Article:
Ato Quayson’s “On the Affliction of Second Thoughts: Modes of Doubt in Postcolonial Tragedy”


Friday, February 26th, 2016
Rm. 5414, 4:00 pm – 6:00 pm
The Graduate Center, CUNY

Ato Quayson is Professor of English and inaugural Director of the Centre for Diaspora and Transnational Studies at the University of Toronto.  He has written widely on postcolonial cultural and literary theory, disability studies, African studies, diaspora studies, and urban studies.  His books include Strategic Transformations in Nigerian Writings (Indiana UP, 1997), Postcolonialism: Theory Practice or Process?(Polity/Blackwell, 2000), Calibrations: Reading for the Social (Minnesota UP, 2003), Aesthetic Nervousness: Disability and the Crisis of Representation (Columbia UP, 2007), and Oxford Street, Accra: City Life and the Itineraries of Transnationalism (Duke UP, 2014).  He is the editor of the 2-volume Cambridge History of Postcolonial Literature (Cambridge UP, 2012), A Companion to Diaspora and Transnationalism (with Girish Daswani, 2013), and The Cambridge Companion to the Postcolonial Novel(Cambridge UP, 2015), among others.  He is the general editor of the Cambridge Journal of Postcolonial Literary Inquiry and is a Fellow of both the Ghana Academy of Arts and Sciences and the Royal Society of Canada.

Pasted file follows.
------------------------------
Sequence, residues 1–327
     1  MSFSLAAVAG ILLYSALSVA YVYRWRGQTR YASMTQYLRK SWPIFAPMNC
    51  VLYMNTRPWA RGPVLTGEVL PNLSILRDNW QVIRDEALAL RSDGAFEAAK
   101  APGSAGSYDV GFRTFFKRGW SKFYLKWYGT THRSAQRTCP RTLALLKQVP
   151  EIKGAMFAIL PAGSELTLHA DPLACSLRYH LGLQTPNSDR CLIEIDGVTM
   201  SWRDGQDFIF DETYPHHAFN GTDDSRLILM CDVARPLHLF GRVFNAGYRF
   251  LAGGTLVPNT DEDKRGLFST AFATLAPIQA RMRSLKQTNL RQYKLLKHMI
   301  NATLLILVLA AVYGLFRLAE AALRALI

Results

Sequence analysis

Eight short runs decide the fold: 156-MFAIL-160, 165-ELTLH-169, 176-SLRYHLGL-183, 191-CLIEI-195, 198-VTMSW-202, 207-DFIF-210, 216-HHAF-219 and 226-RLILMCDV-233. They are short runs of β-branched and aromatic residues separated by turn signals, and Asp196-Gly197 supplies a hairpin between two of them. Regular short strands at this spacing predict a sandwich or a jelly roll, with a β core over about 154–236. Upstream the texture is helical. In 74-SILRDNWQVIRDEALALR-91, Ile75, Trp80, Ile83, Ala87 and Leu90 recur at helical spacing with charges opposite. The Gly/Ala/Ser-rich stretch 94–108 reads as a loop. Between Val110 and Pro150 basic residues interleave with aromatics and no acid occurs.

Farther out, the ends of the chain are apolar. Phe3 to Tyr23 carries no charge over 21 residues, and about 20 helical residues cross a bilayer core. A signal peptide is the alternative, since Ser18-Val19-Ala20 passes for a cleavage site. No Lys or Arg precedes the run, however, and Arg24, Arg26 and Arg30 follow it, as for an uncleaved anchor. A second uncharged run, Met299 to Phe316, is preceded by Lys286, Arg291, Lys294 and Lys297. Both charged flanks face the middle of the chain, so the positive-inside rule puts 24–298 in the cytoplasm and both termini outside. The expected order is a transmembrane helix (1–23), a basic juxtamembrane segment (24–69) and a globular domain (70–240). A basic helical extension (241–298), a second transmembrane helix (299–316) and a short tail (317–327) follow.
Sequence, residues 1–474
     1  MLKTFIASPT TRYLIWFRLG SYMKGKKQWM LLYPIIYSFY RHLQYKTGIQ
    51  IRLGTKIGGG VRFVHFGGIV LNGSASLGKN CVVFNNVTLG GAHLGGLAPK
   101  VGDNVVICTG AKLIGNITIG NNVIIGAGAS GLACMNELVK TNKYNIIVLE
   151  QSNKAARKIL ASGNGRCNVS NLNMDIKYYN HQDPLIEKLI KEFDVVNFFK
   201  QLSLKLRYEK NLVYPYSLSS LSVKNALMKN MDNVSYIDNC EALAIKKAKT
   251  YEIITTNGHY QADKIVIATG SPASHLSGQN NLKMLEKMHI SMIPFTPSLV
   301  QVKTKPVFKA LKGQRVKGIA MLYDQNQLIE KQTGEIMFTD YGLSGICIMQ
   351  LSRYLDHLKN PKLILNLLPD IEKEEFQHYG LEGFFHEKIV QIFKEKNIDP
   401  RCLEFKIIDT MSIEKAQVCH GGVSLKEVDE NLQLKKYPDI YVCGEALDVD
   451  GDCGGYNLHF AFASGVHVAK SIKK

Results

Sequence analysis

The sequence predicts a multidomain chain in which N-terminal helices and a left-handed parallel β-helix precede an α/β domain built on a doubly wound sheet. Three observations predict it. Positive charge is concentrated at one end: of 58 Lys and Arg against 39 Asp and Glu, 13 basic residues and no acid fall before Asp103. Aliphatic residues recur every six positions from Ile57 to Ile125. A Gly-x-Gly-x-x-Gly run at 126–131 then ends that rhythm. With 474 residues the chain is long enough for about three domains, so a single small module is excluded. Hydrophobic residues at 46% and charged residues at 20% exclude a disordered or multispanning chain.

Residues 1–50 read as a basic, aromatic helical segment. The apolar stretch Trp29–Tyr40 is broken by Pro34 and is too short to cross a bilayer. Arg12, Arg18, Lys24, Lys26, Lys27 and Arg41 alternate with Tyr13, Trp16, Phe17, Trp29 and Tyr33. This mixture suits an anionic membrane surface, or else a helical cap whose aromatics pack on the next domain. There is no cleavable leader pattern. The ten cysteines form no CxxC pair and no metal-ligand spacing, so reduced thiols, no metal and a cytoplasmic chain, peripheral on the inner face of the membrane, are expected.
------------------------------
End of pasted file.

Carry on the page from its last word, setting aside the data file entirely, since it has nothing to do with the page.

Postcolonial Oceanic Methods: A Talk and Discussion with Isabel Hofmeyr

Isabel Hofmeyr is Global Distinguished Professor at New York University and Professor of African Literature at University of the Witwatersrand. Her work, including Gandhi’s Printing Press: Experiments in Slow Reading (2013) and The Portable Bunyan: A Transnational History of The Pilgrim’s Progress (2003), explores textual circulation in the Global South with a focus on the Indian Ocean. Join us for a discussion on new Oceanic methodologies in postcolonial studies.


Friday, December 11, 2015


The Graduate Center, CUNY

Room 5409

Rebecca L. Walkowitz’s “The Post-Anglophone Era”

Professor Walkowitz will be discussing contemporary world literature and the state of the novel from the perspective of what she calls the “Post-Anglophone Era.” She will also reflect on the argument of her new book, Born Translated: The Contemporary Novel in the Age of World Literature.


Friday, November 13, 2015, 4:00 PM – 6:00 PM
Room 4406 (English Department Lounge)

This event is co-sponsored by the English Department
and is part of its Friday Forum Series.